If you already encourage transparency in your business, look for the same quality in your restaurant manager. They should be open to receive questions, comments, and concerns from your staff at any time and make them feel valued.
Attentive and Problem Solver
Your manager should pay attention to every single detail with eagle eyes and ensure the smooth sailing of operations. Instead of lecturing or punishing staff, they should solve problems when deemed appropriate – and be comfortable offering feedback when necessary. For instance, if a diner’s water glass is empty and the server walks by without filling it up, the manager should step up and fill up the glass himself.
Attention to detail and quick reaction time are important skills that a good restaurant manager should have.
A good manager always thinks one step ahead of everyone else. Unexpected events happen quite often in the restaurant business, and you want somebody who can think of a solution before it even happens.
For instance, when guests are being unreasonable, your manager should be able to jump in with a solution and a way to prevent the issue from happening again in the future.
A good manager must be able to listen and help their staff with any work-related or personal experiences, as it might affect their professionalism. You want somebody who can jump into any conflicts at work and help solve them. Your staff should be able to trust your manager with their problems and respect their decision-making skills.
Look for someone who is strict, but not cold-hearted. A sense of empathy will go a long way with your team.
Knowledge of Restaurant Operations
A college or university degree is not necessarily required for the managerial position, as experience is more valued in this field. But if you are operating a specialized restaurant, you may want to choose someone who has a degree in Hospitality Management or Business Studies under their belt.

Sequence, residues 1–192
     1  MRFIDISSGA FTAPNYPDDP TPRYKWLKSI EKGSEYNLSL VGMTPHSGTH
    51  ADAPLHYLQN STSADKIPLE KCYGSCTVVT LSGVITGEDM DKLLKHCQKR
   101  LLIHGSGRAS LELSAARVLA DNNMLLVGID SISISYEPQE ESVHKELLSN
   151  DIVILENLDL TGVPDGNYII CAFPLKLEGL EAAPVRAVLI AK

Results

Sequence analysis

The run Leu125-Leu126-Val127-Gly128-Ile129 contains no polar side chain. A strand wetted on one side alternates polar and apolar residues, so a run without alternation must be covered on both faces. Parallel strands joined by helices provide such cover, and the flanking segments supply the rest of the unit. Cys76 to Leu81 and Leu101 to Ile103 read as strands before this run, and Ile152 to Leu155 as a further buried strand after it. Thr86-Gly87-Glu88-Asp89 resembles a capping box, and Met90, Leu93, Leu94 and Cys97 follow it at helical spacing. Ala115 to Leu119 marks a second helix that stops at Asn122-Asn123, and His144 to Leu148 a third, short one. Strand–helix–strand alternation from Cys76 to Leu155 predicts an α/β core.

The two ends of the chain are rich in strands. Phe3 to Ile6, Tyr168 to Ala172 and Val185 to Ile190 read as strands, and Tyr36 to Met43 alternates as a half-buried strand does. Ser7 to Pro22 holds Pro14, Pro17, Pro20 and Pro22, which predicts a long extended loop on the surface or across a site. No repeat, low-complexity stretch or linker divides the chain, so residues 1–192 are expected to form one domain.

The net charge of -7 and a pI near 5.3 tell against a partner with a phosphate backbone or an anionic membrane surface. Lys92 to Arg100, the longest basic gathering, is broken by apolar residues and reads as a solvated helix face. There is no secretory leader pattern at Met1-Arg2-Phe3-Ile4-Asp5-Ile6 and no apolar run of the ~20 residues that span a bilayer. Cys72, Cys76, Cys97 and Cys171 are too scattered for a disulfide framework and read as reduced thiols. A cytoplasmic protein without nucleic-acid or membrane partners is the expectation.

Since experience is highly valued in the food services industry, restaurant managers are usually required to have a minimum of three to five years of management experience. They also need to have demonstrated the ability to lead a team. For example, you can ask them about a time they had to motivate a struggling staff member or how they managed a difficult conversation with a server to give you some insights on how they would lead.
Having someone with extensive knowledge of restaurant operations is also a bonus. You can’t compromise on experience!
The manager will have a huge influence on your restaurant’s finances. From inventory to staffing, a lot of the areas they touch will directly impact your bottom line. They won’t be an accountant, but they should be able to show you they’ve made decisions that have positive impacts on the bottom line. A good restaurant POS and employee scheduling software can help your manager make better business decisions, so look for someone with experience using these systems.
Even with technology to help manage the operations, you’ll want to choose someone who knows a lot about the financial side of the restaurant industry.
Past Management Experiences
We’ve said it before – you don’t want to compromise on experience. Experience as a manager in the past or examples on their resume that built the skills somebody would need as a manager are key skills.
There are some specific areas you’ll want your future restaurant manager to have experience managing. If you’re hiring from within your own team, you’ll have to consider they won’t have all of these boxes checked – chances are, no hire will have experience in every single one of these areas managers could end up in charge of!
Here are some areas you’ll want a restaurant manager to show they have either hands-on experience or similar experiences that will give them the skills to tackle these responsibilities:
But where do you find a person with all these skills?
When filling a role as important as a manager, it’s a little more difficult than a “Help Wanted” sign in the window. Prepare to be patient – it’s a big role and might take you a few months to fill.
Here are some other ways to go about hunting for a restaurant manager.